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Published 17.01.19

merzWISSENSCHAFT: Children / Media / Rights

Jutta Croll

Children have rights. This is not least enshrined in the UN Convention on the Rights of the Child. This agreement was revolutionary in 1989 and its implementation has unfortunately not been taken for granted to this day. Particularly in view of digitisation, it is worth taking a look at how children's rights are taken into account in the design and provision of media services, but also in the implementation of media education activities. In the course of the mediatisation of all areas of life ("deep mediatisation") this seems more important than ever. New digital technologies offer new opportunities for social participation - children and young people also benefit, for example, from the wide range of information and communication offerings.

In the special edition merzWissenschaft Nr.6, published in December 2018, two articles based on the work of the project were published.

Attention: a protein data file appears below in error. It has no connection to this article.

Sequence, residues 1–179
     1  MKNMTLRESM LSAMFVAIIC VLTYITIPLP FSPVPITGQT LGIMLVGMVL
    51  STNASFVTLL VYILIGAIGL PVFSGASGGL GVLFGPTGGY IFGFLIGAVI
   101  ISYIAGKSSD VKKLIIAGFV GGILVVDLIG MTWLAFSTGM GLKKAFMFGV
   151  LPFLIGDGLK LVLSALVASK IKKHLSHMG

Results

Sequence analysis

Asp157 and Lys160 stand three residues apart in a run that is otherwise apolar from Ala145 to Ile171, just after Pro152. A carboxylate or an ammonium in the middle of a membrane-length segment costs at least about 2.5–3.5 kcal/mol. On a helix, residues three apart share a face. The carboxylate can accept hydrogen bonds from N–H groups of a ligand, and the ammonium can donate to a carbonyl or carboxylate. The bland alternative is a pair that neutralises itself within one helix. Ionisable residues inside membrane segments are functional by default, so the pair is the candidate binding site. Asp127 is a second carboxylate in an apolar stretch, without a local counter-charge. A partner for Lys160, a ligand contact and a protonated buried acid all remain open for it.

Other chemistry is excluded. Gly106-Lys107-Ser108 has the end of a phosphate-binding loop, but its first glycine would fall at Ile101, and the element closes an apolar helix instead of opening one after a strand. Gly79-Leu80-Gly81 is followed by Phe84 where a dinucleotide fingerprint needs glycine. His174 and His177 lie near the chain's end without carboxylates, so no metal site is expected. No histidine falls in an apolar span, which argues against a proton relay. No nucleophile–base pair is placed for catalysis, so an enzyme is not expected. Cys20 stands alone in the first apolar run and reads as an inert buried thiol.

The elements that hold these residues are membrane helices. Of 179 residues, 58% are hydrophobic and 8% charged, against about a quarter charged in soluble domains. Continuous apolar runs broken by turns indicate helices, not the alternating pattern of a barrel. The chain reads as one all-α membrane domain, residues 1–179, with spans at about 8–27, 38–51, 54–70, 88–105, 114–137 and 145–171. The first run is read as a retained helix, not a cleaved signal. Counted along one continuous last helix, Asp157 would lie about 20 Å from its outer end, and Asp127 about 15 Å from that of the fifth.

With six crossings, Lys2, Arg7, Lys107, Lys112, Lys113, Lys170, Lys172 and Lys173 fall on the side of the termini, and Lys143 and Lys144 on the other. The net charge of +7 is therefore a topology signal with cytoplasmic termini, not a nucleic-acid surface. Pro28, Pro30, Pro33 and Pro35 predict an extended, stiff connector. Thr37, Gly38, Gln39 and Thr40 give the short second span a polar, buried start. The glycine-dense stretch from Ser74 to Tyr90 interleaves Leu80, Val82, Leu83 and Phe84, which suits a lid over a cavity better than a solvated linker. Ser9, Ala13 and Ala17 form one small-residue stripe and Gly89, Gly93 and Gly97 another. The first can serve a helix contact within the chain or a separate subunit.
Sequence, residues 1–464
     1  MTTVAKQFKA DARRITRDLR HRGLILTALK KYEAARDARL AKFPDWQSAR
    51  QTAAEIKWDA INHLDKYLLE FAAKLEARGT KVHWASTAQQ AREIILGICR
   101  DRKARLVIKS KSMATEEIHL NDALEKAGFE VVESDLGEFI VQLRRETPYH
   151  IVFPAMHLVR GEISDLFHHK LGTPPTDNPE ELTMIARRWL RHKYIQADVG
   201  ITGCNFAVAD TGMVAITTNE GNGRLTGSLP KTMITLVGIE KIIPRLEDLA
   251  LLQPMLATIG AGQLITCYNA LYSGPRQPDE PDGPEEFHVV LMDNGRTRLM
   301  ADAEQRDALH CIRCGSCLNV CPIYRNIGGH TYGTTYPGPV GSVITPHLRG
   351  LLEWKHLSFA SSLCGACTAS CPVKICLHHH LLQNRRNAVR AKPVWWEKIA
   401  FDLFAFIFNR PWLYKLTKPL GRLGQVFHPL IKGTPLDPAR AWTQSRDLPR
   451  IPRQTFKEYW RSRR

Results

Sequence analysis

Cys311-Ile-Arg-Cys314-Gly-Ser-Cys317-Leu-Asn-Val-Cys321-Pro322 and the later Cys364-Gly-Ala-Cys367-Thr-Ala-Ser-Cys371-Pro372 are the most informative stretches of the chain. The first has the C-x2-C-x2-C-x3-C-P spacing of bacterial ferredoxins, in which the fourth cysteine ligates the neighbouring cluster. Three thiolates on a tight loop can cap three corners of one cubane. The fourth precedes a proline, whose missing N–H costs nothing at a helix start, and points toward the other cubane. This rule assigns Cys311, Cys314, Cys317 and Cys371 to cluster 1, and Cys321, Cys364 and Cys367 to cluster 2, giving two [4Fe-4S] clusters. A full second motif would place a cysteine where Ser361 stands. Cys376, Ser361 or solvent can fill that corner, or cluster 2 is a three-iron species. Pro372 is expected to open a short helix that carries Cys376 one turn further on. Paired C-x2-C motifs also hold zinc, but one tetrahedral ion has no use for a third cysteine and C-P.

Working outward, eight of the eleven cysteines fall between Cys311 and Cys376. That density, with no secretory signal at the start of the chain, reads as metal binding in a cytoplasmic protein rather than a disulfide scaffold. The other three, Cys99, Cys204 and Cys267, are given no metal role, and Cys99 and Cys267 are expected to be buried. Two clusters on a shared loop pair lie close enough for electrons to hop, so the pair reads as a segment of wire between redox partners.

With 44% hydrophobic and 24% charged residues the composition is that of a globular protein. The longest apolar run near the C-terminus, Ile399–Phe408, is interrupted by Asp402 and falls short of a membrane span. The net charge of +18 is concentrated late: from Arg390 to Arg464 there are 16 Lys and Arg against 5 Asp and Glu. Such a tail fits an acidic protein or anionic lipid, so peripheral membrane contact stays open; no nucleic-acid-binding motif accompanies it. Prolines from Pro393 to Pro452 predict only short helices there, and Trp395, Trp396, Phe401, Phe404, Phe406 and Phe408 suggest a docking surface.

Stop! Secret - The children's right to data protection and privacy in the digital world

Main topics of this article are data protection and privacy issues from a child’s rights perspective. The authors discuss how the EU General Data Protection Regulation (GDPR) addresses the protec-tion requirements of children and how a child-centred implementation of the GDPR should be shaped. The topic is analyzed from three angles: the relation to children’s rights on a national level, the thematic placement into the European context, and taking into account the perspective of children themselves.

The influence of domain names on children's rights on the Internet

Given the central importance of the internet to children’s lives in the 21st Century the Domain Name System (DNS) can have a decisive impact on children’s rights. This is because the contractual terms on which a domain is allocated by ICANN can either require relevant actors to take steps to protect children’s rights to access, protection and participation or they can be silent or more permissive, thereby opening the way for bad actors to put those rights and children’s safety in jeopardy. This paper describes the underlying infrastructure of the Internet Corporation of Assigned Na-mes and Numbers - ICANN - and offers a perspective on the potential of the DNS to contribute to children’s rights and on the obligations of those responsible for managing the DNS to have in regard to children’s rights.

Here you can access the abstracts of all articles contained

Here you will get directly to the order of the edition

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